Middletown resident Danielle Brinkley-Bowers won $19,800 on “Wheel of Fortune,” but her real prize had nothing to do with money.
Middletown resident Danielle Brinkley-Bowers could barely watch the bonus round of "Wheel of Fortune" Tuesday night.
"Pick an 'H,'" she shouted the big screen television at Buffalo Wild Wings. "The answer is 'Just a Hunch'! Pick an 'H'!"
But the 39-year-old medical assistant at A.I. duPont Hospital for Children knew it was too late.
After all, six months had passed since she flew to Los Angeles to compete on her all-time favorite game show, where she racked up $19,800 in winnings before coming up just short of a $40,000 prize in the bonus round.
"I don't know what happened," she said after watching her nationally-televised debut with about 30 family, friends and co-workers. "I just drew a blank."
Brinkley-Bowers said she'll always be a little disappointed she couldn't solve that final puzzle. But that still won't take away from the thrill of living out a lifelong dream.
"Honestly, getting the chance to be on the show is even better than winning the money," she said. "I've been a 'Wheel of Fortune' fanatic ever since I was in elementary school, so this was it for me."
Brinkley-Bowers' journey to primetime began early last year when her 16-year-old son Deonte, a junior at Middletown High School, entered her name on the "Wheel of Fortune" website.
That got her to an audition in Atlantic City with about 50 other hopefuls, which led to an invitation to Los Angeles.
"Oh, I was snapping when I got that letter," she said. "You actually have to pay for your own flight and hotel room while you're out there, but when 'Wheel of Fortune' calls, you find the money, even if you have to put some other things on hold."
Brinkley-Bowers also made sure to buy a plane ticket for her mother, Townsend resident Vickey Brinkley, who's been playing along with her daughter for years.
"They tape like six episodes at once, and hers was last, so I sat in the audience clapping the whole day," said Vickey, who even got introduced on air. "When finally she came out, I told everyone, 'That's my baby! She's doing it!"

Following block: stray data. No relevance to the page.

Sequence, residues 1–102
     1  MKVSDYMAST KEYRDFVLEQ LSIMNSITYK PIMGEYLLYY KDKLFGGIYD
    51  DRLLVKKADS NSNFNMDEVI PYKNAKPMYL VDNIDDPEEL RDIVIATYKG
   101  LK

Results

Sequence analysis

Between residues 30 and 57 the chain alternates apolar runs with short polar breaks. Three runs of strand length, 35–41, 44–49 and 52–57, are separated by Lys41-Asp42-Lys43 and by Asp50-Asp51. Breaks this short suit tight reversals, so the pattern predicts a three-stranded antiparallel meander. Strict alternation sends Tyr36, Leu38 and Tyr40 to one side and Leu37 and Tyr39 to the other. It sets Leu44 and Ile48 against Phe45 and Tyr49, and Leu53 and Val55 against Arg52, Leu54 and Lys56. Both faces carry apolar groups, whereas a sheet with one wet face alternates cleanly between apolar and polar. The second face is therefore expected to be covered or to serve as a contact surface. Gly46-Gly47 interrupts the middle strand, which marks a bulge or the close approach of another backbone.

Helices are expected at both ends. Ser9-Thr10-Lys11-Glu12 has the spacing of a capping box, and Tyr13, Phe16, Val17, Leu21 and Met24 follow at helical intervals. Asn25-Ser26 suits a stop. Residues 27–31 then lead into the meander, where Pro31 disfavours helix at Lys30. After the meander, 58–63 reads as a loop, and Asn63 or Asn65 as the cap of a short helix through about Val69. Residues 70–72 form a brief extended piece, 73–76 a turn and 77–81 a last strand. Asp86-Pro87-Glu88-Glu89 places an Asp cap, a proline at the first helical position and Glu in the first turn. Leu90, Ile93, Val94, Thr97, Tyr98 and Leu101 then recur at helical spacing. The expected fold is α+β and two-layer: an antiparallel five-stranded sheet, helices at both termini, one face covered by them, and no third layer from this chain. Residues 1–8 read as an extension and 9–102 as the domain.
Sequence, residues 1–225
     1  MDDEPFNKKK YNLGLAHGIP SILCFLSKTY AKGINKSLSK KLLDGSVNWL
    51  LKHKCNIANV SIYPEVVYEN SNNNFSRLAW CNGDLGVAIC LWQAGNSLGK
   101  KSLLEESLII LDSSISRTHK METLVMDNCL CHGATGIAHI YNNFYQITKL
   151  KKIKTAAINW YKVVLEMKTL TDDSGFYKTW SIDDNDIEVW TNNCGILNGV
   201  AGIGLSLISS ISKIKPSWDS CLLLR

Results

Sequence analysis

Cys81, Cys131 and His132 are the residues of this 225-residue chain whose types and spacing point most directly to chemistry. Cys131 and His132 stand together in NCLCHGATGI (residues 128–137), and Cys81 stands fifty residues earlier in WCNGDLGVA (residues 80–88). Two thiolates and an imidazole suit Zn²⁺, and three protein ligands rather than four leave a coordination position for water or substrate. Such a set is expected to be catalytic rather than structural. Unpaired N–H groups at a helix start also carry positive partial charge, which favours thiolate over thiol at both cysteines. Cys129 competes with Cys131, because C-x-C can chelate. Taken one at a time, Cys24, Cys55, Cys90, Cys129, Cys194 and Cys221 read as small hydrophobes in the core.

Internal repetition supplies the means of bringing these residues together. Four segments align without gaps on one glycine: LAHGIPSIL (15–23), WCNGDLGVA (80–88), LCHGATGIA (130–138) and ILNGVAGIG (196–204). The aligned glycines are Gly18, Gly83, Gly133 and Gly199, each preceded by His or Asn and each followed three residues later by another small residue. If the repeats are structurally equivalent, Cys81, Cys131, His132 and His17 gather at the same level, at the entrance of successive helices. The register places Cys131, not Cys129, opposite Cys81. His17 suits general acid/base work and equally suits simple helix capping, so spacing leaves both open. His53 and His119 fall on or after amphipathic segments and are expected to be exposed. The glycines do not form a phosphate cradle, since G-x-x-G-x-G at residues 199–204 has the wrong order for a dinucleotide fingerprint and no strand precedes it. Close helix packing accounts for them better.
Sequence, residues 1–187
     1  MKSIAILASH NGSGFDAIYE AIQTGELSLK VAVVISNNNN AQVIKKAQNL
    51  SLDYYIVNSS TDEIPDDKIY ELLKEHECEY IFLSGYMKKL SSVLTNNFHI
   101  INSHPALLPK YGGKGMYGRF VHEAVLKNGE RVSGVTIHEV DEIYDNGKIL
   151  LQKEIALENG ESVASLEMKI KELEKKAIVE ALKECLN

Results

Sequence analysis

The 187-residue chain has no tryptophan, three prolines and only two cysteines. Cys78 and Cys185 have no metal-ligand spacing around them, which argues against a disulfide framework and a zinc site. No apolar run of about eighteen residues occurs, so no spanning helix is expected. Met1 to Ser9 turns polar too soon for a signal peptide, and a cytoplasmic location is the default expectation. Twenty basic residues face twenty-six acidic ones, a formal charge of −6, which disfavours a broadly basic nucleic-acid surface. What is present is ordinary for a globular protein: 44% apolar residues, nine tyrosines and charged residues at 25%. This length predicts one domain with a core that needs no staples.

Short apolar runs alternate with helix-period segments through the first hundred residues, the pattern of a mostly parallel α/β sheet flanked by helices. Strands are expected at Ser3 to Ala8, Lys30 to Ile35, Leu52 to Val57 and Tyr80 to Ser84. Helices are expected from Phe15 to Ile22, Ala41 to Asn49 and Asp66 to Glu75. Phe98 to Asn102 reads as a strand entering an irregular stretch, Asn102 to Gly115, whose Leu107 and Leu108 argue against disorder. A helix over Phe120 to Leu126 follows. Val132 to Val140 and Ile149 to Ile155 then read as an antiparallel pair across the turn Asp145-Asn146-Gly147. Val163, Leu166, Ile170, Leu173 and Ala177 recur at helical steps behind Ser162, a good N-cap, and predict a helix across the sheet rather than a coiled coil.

Brinkey-Bowers father, Dana Brinkley Sr., said he had no doubt his daughter would do well on the show.
"It's all she ever watched as a kid," he said. "We always sat down together and tried to solve the puzzles. A few times, I had to turn off the TV because she would get so excited."
A lifetime of practice paid off, as Brinkley-Bowers solved one puzzle after another, eventually racking up more prize money than her two opponents combined.
"A lot of times when I watch the show, I yell at the contestants because it doesn't look like they know what they're doing," she said. "But it's a lot harder than it looks on TV. There's a lot of pressure and you have to remember to smile, clap, pay attention to what everyone else is doing and watch the puzzle. It's hard."
Brinkley-Bowers said she plans to spend her prize money on home repairs and her family's first vacation together since 2004.
But the real prize, she said, was playing the game she's always loved next to Pat Sajack and Vanna White.
"When it was over I called my boyfriend, Blue, and told him about the $40,000 I missed in the bonus round, and he said 'That's okay, because you still got to do something you always wanted to do,'" she said. "And he was right. It was a once in a lifetime moment and I got to live it.